Bridging the gap: Bringing Cambridge and Tibet a little closer

Julia Stanyard 30 January 2016

Based here in Cambridge, ELST – English Language Studies for Tibetans – is a charity involved in promoting English language teaching and education in Tibetan communities, both organising volunteer teaching in the exile communities of India, Nepal and Mongolia, and supporting Tibetan students to come and study in Cambridge. This week, I spoke with Hilary Papworth, ELST founder and Cambridge resident, and Yum Skyid, Tibetan student at Murray Edwards studying for an MPhil with the help of a scholarship from ELST.

Hilary tells me how it all began: “ELST sprang to life nearly 20 years ago.  My husband Bill and I were on a trip to India and received a request for help from a young Doctor of Tibetan Traditional Medicine.  He needed better English skills in order to communicate with the numerous Indian patients who flocked to their  Tibetan Medicine clinic.  Subsequently over the years, many bright young professional Tibetans; teachers, doctors, monks, administrators, translators to the Dalai Lama, all from the exile community in India came to Cambridge. Generally they found their short but intense English Language programmes and encounters with people and ideas in the wider world enriching.  All were selected on individual merit and those Tibetans are now a remarkable Tibetan exile alumni group, including the Director of Tibet House, the Senior Manager of the Dalai Lama's Foundation for Universal Responsibility (founded with his Nobel Peace Prize money) and the Director of the Tibetan Institute of Performing Arts.”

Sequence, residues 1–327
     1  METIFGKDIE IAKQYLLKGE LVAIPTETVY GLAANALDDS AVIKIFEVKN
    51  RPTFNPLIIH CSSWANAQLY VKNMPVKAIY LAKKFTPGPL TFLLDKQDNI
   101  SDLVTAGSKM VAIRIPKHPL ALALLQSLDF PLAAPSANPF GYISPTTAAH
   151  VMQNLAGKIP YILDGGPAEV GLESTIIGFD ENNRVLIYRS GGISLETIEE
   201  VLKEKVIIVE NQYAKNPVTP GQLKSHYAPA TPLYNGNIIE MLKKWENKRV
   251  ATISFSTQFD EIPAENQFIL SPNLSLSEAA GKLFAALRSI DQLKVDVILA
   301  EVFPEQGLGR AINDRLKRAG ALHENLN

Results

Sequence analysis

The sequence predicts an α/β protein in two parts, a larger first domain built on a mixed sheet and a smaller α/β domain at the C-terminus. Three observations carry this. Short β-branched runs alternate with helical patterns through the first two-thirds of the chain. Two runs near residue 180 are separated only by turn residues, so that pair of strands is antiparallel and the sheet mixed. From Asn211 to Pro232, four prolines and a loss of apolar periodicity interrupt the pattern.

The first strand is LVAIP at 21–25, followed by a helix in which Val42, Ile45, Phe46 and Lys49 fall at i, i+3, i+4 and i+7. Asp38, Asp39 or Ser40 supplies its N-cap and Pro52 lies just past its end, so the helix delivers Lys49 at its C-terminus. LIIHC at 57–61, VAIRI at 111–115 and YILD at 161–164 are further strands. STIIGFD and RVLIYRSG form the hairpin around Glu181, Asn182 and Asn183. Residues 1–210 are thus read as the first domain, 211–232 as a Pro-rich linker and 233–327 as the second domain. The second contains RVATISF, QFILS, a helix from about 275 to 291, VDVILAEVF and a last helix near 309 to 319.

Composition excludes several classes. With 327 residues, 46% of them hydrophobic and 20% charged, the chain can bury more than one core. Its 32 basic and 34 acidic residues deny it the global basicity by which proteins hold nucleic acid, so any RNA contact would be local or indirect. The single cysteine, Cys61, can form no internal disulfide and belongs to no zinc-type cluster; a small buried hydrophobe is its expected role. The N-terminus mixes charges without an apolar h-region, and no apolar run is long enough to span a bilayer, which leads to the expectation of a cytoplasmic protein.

From these beginnings, ELST has evolved a lot over the years, including the founding of a university society associated with the charity (CUELST) by a returning volunteer. Each year the society helps student volunteers organise teaching placements in Tibetan communities, ranging across India, Nepal and Mongolia, from Ulaan Bataar to Dharamsala, from big cities to remote areas.

While ELST provides volunteers with support, advice and what Hilary describes as a ‘seed-corn grant’ of a small amount of money, volunteers are largely expected to take responsibility for their own placements, offering a level of independence which sets them apart from other volunteering opportunities in Cambridge. “Volunteers are expected to uphold ELST and CU-ELST's good name and to return with an account of their achievements and experiences.”

While daunting, this independence definitely brings its own rewards. As Hilary describes, “the great thing about ELST/CU-ELST is that the volunteers are wanted and appreciated by their host communities and it can be a hugely enriching experience for the volunteers themselves. They give a lot and they get a lot in return.”

However, while CUELST gets on with organising the volunteer placements, ELST itself is busy with other matters, not least of which is the Williams Papworth Studentship, supporting postgraduate students from the Tibetan Plateau or surrounding regions to study in Cambridge.

Hilary is enthusiastic about the work that the scholarship does: “So far [the studentship] has associated with three wonderful students.” The latest of these is Yum Skyid, a Tibetan student from the eastern Qinghai province of China who began her education MPhil last October. Yum describes her experience of Cambridge with great enthusiasm: “I never thought I would ever have a chance to study at Cambridge, one of the best universities in the world, but the studentship made it a reality.

“Studying in Cambridge will be a life-changing experience for me not only because it helps me realise my academic potential but also because the diversity of ideas and values I have seen here makes me become more respectful to other people and other cultures.

Yum plans to continue at Cambridge for her PhD. What with this, and the prospect of CU-ELST recruiting a fresh cohort of volunteers over the next few weeks, it promises to be a bright future for the organisation.


CUELST is still recruiting for its cohort of summer volunteers until Sunday (31st January). To get in touch for the application form, email